An Interview with Pete Doherty & Carl Barât from The Libertines

An Interview with Pete Doherty & Carl Barât from The Libertines

The Libertines release their fourth studio album entitled, All Quiet On The Eastern Esplanade on 29th March 2024. The release marks the band’s first new album in nine years.

On All Quiet On The Eastern Esplanade, the quartet of unlikely lads have gathered from their new-found homes in France, Denmark, Margate and London to solder a strongest-ever internal bond, and scale new creative heights resulting in the best music of their extraordinary career so far. The album – named as a nod to their hotel’s street address and their enduring love of Erich Maria Remarque’s landmark anti-war novel – is an unequivocal triumph.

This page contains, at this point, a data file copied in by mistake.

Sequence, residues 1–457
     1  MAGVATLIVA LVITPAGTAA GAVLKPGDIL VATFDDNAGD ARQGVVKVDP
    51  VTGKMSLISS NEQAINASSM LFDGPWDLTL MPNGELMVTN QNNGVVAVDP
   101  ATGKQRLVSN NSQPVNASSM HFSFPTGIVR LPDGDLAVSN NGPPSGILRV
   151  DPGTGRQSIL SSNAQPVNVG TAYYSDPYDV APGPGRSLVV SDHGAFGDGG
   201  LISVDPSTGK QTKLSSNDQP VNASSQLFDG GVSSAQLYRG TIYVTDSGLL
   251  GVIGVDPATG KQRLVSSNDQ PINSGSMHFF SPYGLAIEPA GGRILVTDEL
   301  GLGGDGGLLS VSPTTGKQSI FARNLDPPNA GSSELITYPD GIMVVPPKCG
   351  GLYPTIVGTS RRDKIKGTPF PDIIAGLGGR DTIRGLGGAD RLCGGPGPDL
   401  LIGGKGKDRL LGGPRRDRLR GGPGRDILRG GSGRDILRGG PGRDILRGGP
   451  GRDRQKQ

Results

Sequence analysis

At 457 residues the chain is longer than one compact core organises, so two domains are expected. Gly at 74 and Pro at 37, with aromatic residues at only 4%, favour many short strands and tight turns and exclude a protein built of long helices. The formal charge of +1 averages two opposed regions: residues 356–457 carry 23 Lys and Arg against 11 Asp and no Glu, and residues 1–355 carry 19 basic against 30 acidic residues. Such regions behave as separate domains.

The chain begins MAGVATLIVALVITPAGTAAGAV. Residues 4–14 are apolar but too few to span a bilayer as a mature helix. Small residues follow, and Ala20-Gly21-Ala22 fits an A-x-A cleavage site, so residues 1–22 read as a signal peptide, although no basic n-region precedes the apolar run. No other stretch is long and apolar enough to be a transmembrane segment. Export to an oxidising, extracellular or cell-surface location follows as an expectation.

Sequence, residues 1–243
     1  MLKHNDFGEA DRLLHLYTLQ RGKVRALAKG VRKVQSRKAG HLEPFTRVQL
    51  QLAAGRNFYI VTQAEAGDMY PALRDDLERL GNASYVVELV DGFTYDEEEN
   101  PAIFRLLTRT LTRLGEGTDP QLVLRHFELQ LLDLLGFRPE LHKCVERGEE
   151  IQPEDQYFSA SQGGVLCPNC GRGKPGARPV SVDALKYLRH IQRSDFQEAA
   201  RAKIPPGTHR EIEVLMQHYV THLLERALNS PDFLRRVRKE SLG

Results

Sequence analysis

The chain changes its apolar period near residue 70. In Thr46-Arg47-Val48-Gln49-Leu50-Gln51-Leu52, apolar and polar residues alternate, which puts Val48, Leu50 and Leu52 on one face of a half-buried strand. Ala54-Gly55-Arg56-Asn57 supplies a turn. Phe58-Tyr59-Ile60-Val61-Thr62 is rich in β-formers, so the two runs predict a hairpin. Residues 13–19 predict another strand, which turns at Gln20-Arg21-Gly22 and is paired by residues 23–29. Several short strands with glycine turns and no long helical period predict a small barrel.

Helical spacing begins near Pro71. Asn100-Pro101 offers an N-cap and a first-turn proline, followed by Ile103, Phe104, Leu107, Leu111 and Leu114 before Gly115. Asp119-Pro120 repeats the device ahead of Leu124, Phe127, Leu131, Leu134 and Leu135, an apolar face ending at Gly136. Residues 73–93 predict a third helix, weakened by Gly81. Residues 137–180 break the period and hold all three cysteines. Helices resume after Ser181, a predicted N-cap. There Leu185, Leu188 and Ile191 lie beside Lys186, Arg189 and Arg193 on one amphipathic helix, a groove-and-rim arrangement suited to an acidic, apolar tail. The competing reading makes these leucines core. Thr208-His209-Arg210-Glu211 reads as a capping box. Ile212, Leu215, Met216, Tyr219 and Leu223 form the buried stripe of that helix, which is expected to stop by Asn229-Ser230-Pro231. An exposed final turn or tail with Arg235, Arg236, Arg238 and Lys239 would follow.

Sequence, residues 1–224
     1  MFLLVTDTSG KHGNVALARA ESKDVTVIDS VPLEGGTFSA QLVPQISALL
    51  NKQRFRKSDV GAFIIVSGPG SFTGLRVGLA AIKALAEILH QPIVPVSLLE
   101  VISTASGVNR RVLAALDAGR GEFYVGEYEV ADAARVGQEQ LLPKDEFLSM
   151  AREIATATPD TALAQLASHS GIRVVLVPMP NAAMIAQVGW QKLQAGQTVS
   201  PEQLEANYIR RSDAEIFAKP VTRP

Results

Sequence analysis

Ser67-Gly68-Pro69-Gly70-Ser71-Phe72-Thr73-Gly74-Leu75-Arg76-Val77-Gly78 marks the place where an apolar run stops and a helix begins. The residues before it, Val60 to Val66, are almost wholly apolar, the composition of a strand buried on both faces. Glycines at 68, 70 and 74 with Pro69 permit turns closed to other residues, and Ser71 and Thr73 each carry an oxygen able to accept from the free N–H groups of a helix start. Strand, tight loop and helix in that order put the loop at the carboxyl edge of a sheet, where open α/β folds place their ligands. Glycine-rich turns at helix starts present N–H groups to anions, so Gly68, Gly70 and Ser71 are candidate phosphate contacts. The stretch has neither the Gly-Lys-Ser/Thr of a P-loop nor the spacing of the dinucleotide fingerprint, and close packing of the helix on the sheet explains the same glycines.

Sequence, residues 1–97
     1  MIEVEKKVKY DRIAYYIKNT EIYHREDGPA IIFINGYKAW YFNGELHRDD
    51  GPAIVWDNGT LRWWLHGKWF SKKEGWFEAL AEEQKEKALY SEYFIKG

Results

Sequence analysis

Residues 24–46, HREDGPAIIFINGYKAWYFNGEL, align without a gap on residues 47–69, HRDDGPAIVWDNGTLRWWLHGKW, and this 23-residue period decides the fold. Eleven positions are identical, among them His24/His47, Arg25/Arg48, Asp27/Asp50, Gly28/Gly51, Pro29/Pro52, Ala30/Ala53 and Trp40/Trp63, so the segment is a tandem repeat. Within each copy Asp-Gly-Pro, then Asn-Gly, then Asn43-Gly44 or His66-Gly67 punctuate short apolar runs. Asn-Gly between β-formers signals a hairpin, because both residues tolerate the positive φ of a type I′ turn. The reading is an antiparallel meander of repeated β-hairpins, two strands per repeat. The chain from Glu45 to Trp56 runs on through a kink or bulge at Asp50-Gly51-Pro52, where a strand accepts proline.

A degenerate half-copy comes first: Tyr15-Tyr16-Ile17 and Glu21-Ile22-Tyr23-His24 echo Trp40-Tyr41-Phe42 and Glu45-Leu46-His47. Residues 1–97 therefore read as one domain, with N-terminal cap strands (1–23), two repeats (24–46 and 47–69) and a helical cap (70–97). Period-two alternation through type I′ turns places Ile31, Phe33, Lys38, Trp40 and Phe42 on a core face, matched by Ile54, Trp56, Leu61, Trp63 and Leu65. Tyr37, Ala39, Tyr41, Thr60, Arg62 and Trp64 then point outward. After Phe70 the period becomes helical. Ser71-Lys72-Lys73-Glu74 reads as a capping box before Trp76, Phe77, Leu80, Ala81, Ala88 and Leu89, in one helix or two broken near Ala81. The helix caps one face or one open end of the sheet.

The Libertines are Peter Doherty, Carl Barât, John Hassall and Gary Powell. The band have released three albums: Up The Bracket (2002); The Libertines (2004); and Anthems For Doomed Youth (2015).

Here, Pete Doherty and Carl Barât talk to Carl Marsh…

Opening the album, ‘Run Run Run’ is quite a statement track. At what point in the writing process did it appear?
Pete Doherty: I can remember that moment, we were in the studio at Margate and we realised pretty quickly that we didn’t have enough stuff that we’d written together. So then we had to start pulling out songs that we’d written for our side projects as Carl had asked me if I had any, I said, “Yeah, I’ve got a couple”, I asked him the same thing, and he said he’d also got a couple. So he played me his, and I played him mine, and ‘Run Run Run’ was either one of the ones that “he” was saving or “I” was saving. And he added a couple of lines to it! [Laughter]
Carl Barât: Oiiiii, you cheeky sod! But yeah, I was playing that on the road with my other solo band, but we changed it all up.